Green tea matcha macarons

The perfect Valentine’s day gift? A box of matcha macarons! Lovely green matcha-flavoured macaron shells filled with a simple vanilla buttercream. Who said Valentine’s day stuff can’t be green and taste like green tea? Matcha green tea was an internet sensation some time ago and I’m late in the matcha game. Got my hands on my first jar of matcha powder at a grocery store in Thailand last summer. I am only saving it for special occasions. I thought Valentine’s day was one worth using my precious green tea powder to make green tea matcha macarons.

Green tea matcha macarons recipe

The truth is neither my husband nor I are big Valentine’s day fans. We actually spent our very first Valentine’s day apart – he was playing football and I went to the movies with a friend. It’s just a day like any other on the calendar, we celebrate loving each other on other occasions throughout the year – often at spontaneous and unplanned times. Still, whether you’re doing this on February 14 or not, it’s always nice to give a little gift to your one and only. I am an advocate of home-made gifts, particularly when they are food-related. Making macarons requires quite a bit of work and skills, thus proving gifts of excellent value.

Valentine's Day macarons
Homemade matcha macarons: the perfect Valentine’s day gift!

Making macarons: a labour of love

Matcha macarons are not my first attempt at this extravagantly difficult dessert. I have made macarons in the past and have always reported my frustrations and successes on the blog. I seem to have this love-hate relationship with the exquisite French delicacies. The first time I made macarons I went for plain shells and a blueberry buttercream. It was my first time making macarons and I am still impressed by how good I did.

It took a year to get into the macaron game again, and the following year I produced chocolate macarons. Lightly coloured in brown, they were filled with a rich chocolate ganache. I had some doubts about their final outcome but the flavour was absolutely divine. Bitter chocolate ganache balances so perfectly the overly sweet flavour of the shells.

Another year passed and I felt like the time to partake in my yearly macaron challenge had come so I stepped up the game and produced pink macarons filled with rose buttercream. I had made a batch of rose petals in sugar preserve and I just felt like I needed to use those as filling in my macarons. I need to admit I was pretty hyped about those rose flavoured macarons!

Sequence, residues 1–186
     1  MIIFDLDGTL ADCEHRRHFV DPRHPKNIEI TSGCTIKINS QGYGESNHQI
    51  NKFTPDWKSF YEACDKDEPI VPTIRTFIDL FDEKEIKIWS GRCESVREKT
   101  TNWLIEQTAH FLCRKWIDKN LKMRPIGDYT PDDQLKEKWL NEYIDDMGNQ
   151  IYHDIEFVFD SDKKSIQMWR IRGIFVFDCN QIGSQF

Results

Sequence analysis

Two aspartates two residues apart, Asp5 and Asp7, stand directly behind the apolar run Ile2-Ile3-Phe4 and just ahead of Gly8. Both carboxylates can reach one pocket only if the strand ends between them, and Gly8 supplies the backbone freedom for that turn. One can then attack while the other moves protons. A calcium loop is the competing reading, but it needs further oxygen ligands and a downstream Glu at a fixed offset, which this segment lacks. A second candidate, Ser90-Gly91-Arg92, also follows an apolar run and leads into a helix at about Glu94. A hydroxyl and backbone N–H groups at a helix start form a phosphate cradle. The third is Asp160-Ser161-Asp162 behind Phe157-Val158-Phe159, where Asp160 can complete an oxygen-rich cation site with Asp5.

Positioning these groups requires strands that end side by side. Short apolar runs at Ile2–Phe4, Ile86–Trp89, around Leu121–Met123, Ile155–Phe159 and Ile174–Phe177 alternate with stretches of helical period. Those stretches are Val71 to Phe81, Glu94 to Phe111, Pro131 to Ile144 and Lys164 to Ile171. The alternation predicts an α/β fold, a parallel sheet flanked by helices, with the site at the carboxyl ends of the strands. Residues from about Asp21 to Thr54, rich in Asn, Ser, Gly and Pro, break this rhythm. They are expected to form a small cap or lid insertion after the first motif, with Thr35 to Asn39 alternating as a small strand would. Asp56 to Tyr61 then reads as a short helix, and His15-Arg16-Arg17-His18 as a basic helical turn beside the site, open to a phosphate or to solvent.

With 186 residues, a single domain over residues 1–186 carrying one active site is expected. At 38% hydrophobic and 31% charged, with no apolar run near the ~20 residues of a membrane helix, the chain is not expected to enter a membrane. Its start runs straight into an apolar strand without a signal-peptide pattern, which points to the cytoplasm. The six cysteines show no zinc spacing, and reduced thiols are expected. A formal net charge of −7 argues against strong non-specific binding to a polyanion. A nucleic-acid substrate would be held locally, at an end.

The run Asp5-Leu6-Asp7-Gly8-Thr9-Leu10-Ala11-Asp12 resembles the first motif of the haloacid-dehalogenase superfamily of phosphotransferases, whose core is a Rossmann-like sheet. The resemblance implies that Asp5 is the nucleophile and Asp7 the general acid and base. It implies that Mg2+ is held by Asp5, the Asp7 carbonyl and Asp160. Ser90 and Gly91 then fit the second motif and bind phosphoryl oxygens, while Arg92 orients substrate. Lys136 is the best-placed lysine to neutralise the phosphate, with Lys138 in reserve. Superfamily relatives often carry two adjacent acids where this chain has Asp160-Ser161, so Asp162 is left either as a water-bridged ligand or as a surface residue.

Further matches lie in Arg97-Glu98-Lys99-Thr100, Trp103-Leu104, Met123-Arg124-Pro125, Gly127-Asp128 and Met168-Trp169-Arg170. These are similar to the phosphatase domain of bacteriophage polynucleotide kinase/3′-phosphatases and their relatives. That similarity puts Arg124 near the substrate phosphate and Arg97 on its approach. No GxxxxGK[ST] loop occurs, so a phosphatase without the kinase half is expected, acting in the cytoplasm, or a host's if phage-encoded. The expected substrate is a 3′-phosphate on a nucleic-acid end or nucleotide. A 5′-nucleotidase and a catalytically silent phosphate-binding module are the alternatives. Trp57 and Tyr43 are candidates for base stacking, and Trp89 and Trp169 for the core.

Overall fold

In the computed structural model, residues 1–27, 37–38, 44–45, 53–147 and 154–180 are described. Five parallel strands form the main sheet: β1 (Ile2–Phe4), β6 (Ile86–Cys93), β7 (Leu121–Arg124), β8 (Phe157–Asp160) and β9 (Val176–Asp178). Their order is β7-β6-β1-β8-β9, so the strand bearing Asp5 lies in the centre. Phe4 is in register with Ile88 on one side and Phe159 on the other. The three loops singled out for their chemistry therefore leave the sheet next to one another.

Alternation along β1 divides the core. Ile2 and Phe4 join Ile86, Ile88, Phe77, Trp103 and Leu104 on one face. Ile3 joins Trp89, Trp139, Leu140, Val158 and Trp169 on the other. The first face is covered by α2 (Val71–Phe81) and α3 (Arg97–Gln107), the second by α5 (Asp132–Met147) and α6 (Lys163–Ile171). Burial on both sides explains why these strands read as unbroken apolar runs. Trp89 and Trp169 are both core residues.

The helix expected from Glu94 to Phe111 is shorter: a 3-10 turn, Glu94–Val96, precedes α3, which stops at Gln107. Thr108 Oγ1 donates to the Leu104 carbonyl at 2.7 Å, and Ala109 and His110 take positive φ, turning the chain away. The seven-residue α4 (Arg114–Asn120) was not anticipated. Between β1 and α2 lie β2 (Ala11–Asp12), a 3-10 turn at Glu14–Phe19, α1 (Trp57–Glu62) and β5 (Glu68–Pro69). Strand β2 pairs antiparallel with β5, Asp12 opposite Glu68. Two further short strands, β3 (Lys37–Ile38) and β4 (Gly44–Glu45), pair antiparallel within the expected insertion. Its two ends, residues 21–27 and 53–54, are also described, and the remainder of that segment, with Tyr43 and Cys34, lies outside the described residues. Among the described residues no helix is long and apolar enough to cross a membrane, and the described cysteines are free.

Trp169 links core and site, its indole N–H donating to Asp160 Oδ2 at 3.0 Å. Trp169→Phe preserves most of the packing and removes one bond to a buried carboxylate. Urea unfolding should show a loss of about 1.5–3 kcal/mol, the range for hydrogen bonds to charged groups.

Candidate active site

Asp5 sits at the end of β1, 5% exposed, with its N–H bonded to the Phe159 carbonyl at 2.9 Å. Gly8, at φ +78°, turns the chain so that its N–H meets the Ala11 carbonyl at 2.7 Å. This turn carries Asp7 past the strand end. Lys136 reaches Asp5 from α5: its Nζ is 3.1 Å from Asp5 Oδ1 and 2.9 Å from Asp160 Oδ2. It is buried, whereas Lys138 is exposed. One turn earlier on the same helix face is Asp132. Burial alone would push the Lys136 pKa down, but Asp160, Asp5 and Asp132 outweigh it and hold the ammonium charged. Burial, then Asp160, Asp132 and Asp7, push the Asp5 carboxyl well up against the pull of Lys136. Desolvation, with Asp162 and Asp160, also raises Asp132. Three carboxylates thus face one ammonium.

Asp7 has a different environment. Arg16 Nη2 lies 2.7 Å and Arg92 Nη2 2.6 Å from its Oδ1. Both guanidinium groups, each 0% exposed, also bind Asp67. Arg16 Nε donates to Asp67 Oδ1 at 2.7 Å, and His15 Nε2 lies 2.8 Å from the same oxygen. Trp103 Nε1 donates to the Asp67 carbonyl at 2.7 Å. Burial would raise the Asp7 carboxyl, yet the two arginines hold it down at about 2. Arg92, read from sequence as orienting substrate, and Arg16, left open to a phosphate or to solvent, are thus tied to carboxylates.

Although not a big fan of macarons I still end up always making some every year so this time it’s green tea matcha. This time I have flavoured the shells, adding the matcha powder to the macaron batter. It was quite strong already so I decided to go for a simple vanilla buttercream as filling in order to keep the flavour sober and balanced. You can find my simple Swiss meringue buttercream in this recipe, for example – just skip adding any essential oils.

Green tea matcha macaronsmatcha green tea Green tea matcha macarons

Aging eggs for macarons

If you check out the recipe that I use to make macarons you’ll notice that every time I stress that one needs to use aged egg whites. I blindly follow a recipe I was given by a person I blindly trust so I do not argue on the eggs. Making macarons is a fragile equation and I do not dare to challenge its magical chemistry. Egg whites need to be aged? Very well, I’ll age my eggs.

By aging the egg whites I mean leaving them in the fridge for 5 days in an airtight container. Just crack your eggs open, separate the yolks from the whites and collect the whites in a container that is big enough to fit them without too much leftover space – you want to reduce having too much air trapped in, so go for a smaller jar if you’ve chosen one that is too big. The eggs I have here in Sweden are medium-small, and in order to get the 150 g of egg whites required by the recipe I generally need to use 5 eggs. The volume of the egg whites is roughly 120 ml, if that helps finding the right sized container to age your egg whites in.